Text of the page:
Sing like a Ting Ting
In 2006, two Manchester bar staff began playing small gigs in the club they worked in. Soon, the major labels were crashing these day-glo arty parties to hear the pair’s electro-pop. The Ting Tings tell Brian Boyd about keeping their heads while rising fa
DRIVING through Manchester’s Salford area on a bleak wintery night, you don’t have to work too hard to figure out where Joy Division got their inspiration. Things don’t improve too much as you pull up outside a former cotton-spinning factory. Once inside, though, the dramatic metamorphosis begins – the cotton factory has been turned into a “multi-media art space” and the place quickly takes on more of a Madchester meets Andy Warhol hue. Where once (you imagine) raggedy children pleaded for a second helping of gruel, there is now a type of dayglo avant-garde arty party going on.
Topping the bill tonight are “the most exciting new band in the country” (say the music press), the electro-indie-pop duo that are The Ting Tings. Their record label have put on an “industry showcase” as an early-warning call for the soon-to-be-released debut album. A sort of White Stripes in reverse, The Ting Tings are drummer Jules De Martino and guitarist and vocalist Katie White.
An industry showcase crowd is usually more concerned with the free bar than the actual music being played, but tonight from the get-go, The Ting Tings have everyone’s full attention. Channelling the sound of The B52s with the occasional nod to the likes of Hot Chip, the band are in effervescent form throughout. Already, previously released singles such as That’s Not My Name and Fruit Machine sound like mini-classics, and for such a numerically challenged outfit, they manage to produce a full-on, bounce-it-off-the-walls sound.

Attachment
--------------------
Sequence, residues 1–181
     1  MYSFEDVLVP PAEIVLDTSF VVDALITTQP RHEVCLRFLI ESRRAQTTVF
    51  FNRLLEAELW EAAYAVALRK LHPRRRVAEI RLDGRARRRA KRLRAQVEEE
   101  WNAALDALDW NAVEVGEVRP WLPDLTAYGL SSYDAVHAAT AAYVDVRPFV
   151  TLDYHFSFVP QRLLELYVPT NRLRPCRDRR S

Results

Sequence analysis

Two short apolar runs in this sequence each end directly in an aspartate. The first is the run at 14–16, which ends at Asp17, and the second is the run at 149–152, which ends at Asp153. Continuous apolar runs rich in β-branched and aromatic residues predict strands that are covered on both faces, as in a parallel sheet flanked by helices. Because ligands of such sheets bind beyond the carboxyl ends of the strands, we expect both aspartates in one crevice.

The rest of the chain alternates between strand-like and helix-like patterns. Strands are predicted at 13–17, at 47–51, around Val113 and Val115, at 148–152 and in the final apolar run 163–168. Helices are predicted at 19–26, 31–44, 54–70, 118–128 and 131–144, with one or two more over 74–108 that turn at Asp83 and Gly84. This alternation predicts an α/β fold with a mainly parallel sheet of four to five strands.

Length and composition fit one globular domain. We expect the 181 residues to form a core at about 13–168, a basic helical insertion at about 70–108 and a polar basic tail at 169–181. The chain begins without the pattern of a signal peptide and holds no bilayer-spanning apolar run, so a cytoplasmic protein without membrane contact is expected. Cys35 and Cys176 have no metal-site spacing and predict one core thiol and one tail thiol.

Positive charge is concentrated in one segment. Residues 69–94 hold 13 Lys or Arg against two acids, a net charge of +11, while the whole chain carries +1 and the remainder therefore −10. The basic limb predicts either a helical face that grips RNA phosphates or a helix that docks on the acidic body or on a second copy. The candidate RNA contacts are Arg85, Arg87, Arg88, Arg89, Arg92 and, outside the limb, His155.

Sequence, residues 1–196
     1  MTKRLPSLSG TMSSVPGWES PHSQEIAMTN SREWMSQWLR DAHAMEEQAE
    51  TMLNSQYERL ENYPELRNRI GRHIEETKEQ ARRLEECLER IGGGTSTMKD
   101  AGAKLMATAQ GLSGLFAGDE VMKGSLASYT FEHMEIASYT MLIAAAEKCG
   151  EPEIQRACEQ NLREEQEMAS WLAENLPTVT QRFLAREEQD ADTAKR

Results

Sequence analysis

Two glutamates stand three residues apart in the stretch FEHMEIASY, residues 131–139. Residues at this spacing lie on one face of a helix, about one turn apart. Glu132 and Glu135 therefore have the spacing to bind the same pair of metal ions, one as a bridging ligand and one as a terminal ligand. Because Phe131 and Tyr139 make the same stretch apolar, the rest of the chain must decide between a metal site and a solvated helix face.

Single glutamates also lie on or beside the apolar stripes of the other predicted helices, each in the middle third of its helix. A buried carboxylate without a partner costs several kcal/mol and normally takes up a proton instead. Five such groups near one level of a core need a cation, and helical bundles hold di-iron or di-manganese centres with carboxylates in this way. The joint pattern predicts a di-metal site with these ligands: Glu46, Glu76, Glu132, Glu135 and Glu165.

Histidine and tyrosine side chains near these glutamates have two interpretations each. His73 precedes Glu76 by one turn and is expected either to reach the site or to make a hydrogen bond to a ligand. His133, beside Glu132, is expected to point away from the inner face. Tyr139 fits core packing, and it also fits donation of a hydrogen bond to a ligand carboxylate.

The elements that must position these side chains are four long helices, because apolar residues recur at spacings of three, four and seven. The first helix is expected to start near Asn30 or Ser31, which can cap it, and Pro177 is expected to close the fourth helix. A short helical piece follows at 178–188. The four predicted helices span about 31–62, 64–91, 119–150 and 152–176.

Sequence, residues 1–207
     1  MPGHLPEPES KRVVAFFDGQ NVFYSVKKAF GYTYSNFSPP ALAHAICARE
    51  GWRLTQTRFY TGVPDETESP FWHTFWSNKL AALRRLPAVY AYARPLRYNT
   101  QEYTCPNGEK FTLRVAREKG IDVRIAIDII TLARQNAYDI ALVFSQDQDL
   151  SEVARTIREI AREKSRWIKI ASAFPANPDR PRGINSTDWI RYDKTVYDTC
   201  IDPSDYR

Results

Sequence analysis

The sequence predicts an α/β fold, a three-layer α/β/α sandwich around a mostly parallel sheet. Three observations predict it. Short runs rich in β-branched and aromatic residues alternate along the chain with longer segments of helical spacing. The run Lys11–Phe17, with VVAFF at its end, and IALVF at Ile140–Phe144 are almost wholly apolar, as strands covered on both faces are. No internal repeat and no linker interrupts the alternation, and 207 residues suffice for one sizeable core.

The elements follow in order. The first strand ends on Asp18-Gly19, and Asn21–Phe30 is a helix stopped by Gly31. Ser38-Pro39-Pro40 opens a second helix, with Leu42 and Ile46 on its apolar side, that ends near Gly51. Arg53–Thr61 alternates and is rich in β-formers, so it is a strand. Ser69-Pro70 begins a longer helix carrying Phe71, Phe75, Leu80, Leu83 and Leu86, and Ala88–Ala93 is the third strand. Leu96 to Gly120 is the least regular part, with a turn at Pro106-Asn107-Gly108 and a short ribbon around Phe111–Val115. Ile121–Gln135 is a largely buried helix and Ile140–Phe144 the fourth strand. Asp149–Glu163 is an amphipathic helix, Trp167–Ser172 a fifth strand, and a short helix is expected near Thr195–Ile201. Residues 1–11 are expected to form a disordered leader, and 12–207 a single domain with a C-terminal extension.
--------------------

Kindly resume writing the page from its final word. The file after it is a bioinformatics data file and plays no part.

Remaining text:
If the overall impression is of “cuttingedge dance pop”, it’s no surprise given the track record of the band’s members. Katie White broke her teeth in a local girl pop band (claim to fame: they once supported Atomic Kitten) while Jules De Martino comes more from the Kraftwerk/Massive Attack end of the musical spectrum.
The two, who are also partners offstage, first met in London before De Martino followed White back to her native Manchester. They formed a band called Dear Eskimo (who had a sort of Scissors Sisterslite sound) and scored a big recording deal with a major label.
De Martino takes up the story: “We thought we were the finished item and the record deal was just the icing on the cake. We weren’t really given any time to develop and work on our own sound; we were just polished up by the label ready for an assault on the charts. But then there were all these personnel changes within the company and the only people who really liked us ending up leaving. Nobody knew what to do with us. We had all these songs but there was no sign of any album coming out so we just did loads and loads of remixes of the songs we had already recorded. Then we got dropped.”
They both ended up working behind the bar of the Salford cotton factory turned art space known as The Islington Mill. “That really was the beginning of The Ting Tings,” De Martino says. “Because the place is such a creative hub, with loads of bands, artists and photographers around all the time, we were exposed to all this experimental-style music. There’d be weird acid rockers one night, then something totally different the next. And we’d hear names being mentioned such as Nico, so we’d go off and explore that.”
With De Martino deciding to be the drummer of the new band, White had to quickly learn how to play the guitar (until then, she was just a vocalist). The pair used Islington Mill as their rehearsal space and once they felt confident enough, put on free gigs at the venue.